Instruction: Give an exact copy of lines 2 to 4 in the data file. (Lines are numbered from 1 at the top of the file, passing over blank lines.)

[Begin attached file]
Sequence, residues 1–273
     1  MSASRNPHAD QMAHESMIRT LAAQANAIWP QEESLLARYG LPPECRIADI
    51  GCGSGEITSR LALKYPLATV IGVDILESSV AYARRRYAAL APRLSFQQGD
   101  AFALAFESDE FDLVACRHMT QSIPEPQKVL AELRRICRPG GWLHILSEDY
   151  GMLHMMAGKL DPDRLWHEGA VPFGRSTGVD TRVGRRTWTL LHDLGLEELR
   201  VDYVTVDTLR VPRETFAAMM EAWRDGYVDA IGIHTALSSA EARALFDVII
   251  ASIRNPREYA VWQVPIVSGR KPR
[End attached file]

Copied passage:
     1  MSASRNPHAD QMAHESMIRT LAAQANAIWP QEESLLARYG LPPECRIADI
    51  GCGSGEITSR LALKYPLATV IGVDILESSV AYARRRYAAL APRLSFQQGD
   101  AFALAFESDE FDLVACRHMT QSIPEPQKVL AELRRICRPG GWLHILSEDY